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What is a Herbaceous Perennial Border? 


Big gardens used to have big herbaceous borders. Small gardens do not normally have herbaceous borders. It is a shame, for a herbaceous border can be as small as any space where you can plant a hand full of plants.

A true herbaceous plant, is one where the foliage and stems die down to ground level in the late autumn (sometimes summer) and then grows back again the next year.

 Plants such as Bergenia and Penstemon are perennials, but not herbaceous perennials, for they are evergreen, and do not die down each year. These plants are invaluable in the herbaceous border or bed and are almost always included. (Pedantic session closed!)

Ok, so it might be a herbaceous bed instead of the big sprawling borders that are normally associated with herbaceous perennials.

Heleniums are great for the herbaceous borderHelenium rubinswerg in August - 1m+ tall.

A herbaceous border or herbaceous bed, is simply an area planted up with herbaceous perennials which die down in the winter, and re-grow the following spring to give a display of flowering colour throughout much of the summer. (Providing you choose the right plants!) many plants that are classed as herbaceous perennials are not truly herbaceous.

Many herbaceous perennial borders or beds have other types of perennials in them – besides the herbaceous perennials. This is not a problem, for a mixed border or will give you a bit more scope for year round colour and interest.


You do not actually need a specific herbaceous border or bed. You can simply plant a few herbaceous perennial plants in between shrubs – or in specific places where it is not easy to get plants to grow. Herbaceous perennials are a huge range of plants, and you are sure to find one for any spot in the garden - dry, damp; sunny, shaded; sheltered, exposed. There will be a herbaceous perennial which will grow there.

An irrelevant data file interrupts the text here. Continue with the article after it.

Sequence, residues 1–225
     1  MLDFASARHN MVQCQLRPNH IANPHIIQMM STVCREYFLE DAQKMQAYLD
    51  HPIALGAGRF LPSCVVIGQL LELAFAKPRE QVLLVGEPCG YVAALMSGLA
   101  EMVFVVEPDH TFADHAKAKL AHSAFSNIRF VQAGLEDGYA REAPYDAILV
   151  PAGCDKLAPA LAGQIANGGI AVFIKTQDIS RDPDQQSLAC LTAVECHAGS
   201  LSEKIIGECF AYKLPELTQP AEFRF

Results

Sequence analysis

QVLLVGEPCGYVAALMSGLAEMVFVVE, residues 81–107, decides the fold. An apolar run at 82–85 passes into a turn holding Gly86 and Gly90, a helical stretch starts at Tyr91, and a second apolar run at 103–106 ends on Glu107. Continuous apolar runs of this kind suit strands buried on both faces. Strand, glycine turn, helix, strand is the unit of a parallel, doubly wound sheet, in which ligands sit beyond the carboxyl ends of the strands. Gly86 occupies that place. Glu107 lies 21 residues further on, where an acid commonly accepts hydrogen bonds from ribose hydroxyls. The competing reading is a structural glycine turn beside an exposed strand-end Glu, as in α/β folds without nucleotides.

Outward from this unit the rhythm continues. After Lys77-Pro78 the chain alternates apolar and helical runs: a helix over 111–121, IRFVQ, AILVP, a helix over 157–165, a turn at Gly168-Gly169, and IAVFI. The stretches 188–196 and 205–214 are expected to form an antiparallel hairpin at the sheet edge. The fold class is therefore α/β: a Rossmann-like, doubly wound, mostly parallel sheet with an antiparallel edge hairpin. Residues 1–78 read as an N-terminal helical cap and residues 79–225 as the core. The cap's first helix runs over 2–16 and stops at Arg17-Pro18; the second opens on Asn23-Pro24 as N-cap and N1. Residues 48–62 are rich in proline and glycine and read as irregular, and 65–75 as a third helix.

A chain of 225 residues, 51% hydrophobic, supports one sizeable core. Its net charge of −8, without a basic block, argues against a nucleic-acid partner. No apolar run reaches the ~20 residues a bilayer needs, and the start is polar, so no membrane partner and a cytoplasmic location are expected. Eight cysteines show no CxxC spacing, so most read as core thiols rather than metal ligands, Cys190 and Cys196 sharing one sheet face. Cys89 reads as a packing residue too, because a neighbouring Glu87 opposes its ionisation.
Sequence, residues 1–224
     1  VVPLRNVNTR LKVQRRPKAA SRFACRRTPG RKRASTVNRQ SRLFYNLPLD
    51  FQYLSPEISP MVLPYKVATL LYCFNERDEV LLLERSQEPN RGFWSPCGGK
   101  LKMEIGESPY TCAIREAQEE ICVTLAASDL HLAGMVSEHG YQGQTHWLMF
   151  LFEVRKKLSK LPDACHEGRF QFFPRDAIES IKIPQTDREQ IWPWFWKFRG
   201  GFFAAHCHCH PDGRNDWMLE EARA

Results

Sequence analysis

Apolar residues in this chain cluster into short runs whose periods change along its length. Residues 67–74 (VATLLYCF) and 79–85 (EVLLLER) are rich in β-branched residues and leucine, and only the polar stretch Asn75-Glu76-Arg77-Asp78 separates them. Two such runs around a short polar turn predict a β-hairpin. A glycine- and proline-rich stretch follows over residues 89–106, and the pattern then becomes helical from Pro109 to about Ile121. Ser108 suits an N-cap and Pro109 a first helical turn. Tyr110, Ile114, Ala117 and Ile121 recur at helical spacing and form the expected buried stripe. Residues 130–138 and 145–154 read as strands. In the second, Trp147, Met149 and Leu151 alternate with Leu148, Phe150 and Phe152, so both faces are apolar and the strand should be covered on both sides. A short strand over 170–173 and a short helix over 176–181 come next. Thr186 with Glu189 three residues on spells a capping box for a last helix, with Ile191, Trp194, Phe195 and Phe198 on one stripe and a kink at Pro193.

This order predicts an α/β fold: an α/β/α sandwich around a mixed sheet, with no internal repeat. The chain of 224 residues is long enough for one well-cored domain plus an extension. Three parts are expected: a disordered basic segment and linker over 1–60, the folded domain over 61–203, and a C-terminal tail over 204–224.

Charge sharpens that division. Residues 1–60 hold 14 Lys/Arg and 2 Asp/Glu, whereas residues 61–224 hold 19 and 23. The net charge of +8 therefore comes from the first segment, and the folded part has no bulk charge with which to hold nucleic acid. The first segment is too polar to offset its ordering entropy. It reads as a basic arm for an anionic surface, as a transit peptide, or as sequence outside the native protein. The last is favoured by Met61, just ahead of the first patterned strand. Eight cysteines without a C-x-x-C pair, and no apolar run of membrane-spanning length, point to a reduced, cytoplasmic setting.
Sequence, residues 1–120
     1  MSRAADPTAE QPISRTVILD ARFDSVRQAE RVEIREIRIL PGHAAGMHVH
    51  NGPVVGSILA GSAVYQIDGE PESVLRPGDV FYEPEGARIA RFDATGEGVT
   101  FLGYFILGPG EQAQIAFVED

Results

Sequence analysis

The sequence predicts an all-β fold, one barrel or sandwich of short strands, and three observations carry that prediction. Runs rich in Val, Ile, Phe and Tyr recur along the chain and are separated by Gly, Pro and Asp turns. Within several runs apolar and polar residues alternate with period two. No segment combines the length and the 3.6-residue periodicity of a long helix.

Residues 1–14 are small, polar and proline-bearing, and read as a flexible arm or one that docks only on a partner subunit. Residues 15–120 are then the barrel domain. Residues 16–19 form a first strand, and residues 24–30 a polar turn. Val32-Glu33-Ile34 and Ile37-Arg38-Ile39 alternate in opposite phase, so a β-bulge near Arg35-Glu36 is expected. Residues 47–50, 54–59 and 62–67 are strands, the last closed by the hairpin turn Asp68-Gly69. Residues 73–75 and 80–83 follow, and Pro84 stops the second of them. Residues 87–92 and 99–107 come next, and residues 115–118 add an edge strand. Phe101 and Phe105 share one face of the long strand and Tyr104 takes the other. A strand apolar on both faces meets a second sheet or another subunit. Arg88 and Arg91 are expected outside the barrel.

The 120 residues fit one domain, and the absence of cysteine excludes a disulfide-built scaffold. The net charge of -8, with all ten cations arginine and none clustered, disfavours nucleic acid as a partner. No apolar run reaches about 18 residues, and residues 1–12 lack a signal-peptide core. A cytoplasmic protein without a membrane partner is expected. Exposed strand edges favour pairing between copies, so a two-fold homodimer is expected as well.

Herbaceous borders of old, tend to look messy and unkempt. This is generally because they have not been maintained well, and also to a large degree, because the range of herbaceous perennials in the past, were nowhere as good as those which are available today. Modern herbaceous perennials come in all sizes – right from the newer (small) sedums and saxifrages – up through to stunning Heleniums and more.

The cone flower - Echinacea is always popular in herbaceous borders Rudbeckia - good for late colour in the herbaceous border
Echinacea (Rudbeckia) Purpureus - with a 'cousin' Rudbeckia fulgida 'Goldsturm'. Two brilliant 'Daisy-type' herbaceous perennials. Bpth are true herbaceous perennials in that they die down to ground level each year.

Colour in the garden right through from January to December if you have the space for plants.

What you do NOT need to do, is to plant the perennials in clumps of 3 or 5. It is a complete nonsense idea, which has been copied by gardening writers for many years. The ‘personality’ writers still prattle on about planting in groups of 3 or 5! WHY? It is a method that should have been confined to the compost heap long ago. For a start, you can choose any ten plants, and they will all grow to different widths. If for instance, you plant a group of 5 Euphatorium maculatum at the back of a border or bed, you will need a huge area to be able to plant other things. A single herbaceous perennial planted in the right place, will be fine if that is all you have room for!

Bergenia cordifolia - Pink flowers evergreen perennial Penstemon Alice Hindley
Two evergreen perennials which regularly fond their way into 'herbaceous border-bed' plantings.



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